Porsche announced last week that it plans to build a $100 million complex on the site of the former Ford Motors plant in Hapeville near Hartsfield-Jackson International Airport. It's a huge coup for Georgia, not just because Porsche is one of the world's most highly regarded automakers, but because the announcement comes at a time when the state's economy is otherwise near-stagnant.
Opponents of HB 87, Georgia's new law aimed at illegal immigrants, argued vociferously that the law's E-Verify mandate would constitute a severe hardship on business. As it turned out, those businesses - primarily the chambers of commerce, the hospitality industry and agriculture - proved only that they have no qualms about taking jobs away from U.S. citizens and handing them to illegals, all so that the business can pocket a bigger profit.
Some opponents have even gone so far as to try and hatch a boycott of the state in response to HB 87. But those efforts may be stillborn in light of last week's news that the Georgia Association of Latino Elected Officials and the Latin American Chamber of Commerce oppose the idea, saying it would hurt Hispanics who work in the state's tourism industry.
Another effort to fight the new law came in recent days with word that Somos Republicans, an Arizona group that roughly translates to "We are Republicans," is lobbying Porsche to bypass Georgia because of the new law. Somos, which purports to build support for Republicans causes and candidates, is openly supportive of the DREAM amnesty act and against laws like Georgia's.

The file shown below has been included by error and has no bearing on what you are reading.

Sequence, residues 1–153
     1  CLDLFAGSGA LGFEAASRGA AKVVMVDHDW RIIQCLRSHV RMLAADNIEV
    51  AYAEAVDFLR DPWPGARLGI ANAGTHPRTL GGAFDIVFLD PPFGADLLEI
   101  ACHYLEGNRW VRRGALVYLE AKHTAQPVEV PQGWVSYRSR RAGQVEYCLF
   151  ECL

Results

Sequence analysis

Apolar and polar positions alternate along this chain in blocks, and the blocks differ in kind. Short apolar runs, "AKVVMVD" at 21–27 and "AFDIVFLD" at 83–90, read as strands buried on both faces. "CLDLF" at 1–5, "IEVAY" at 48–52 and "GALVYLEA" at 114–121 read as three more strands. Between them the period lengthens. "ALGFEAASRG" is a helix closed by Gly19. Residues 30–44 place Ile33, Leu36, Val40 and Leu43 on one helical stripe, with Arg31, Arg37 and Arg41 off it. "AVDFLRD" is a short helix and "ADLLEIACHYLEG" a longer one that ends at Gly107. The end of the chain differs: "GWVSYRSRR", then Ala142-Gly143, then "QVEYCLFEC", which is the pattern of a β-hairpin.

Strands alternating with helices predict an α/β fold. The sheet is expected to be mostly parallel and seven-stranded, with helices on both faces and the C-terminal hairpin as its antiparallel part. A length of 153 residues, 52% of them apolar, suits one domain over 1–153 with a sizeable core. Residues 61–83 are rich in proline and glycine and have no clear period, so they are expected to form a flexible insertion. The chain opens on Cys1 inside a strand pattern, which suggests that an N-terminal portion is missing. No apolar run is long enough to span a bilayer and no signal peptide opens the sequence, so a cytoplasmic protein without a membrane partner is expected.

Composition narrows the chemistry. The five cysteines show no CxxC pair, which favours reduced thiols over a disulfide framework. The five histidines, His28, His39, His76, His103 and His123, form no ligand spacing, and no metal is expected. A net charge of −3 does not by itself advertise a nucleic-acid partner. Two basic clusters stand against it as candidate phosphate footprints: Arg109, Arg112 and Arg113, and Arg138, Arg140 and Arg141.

"We urge Porsche to reconsider your choice of Georgia as the site of a new headquarters facility, as we don't believe Georgia has provided an accurate picture of Georgia's economy and the regression into a past era where Georgia experienced some of the worst bigotry in modern times," said an open letter from Somos to Porsche last week.
Replied Porsche flatly: "We are staying in Georgia."
As usual, those without much of an argument to make fall back on crying "Racism!" But Georgia's new law was carefully written to prevent officers from stopping people at random or based on skin color or appearance to ask about their immigration status. And its requirement that those being stopped produce some sort of identification applies to everyone who is stopped in the course of a police investigation into a reported crime, not just to illegals. It's one of the most routine questions that police ever ask, in fact: "Can you please provide some identification, sir?" Those who can't produce ID are up the creek, so to speak, regardless of their immigration status.
The new law goes into effect July 1 in Georgia, which has one of the largest populations of illegal aliens in the country. The law is meant to make the state a less inviting place for illegals by making it more difficult for them to find legal employment. If they then choose to "self-deport" themselves to more hospitable climes, so be it.
In the wake of decades of Washington's deliberate avoidance of the action on immigration reform, some states - Georgia among them - argue they have no choice but to take matters into their own hands.
Porsche is to be saluted for sticking to its guns in its decision to move to our state. That fortitude by such a high-profile company should send a strong signal to others that it Georgia continues to be a great place to do business, HB 87 or no HB 87.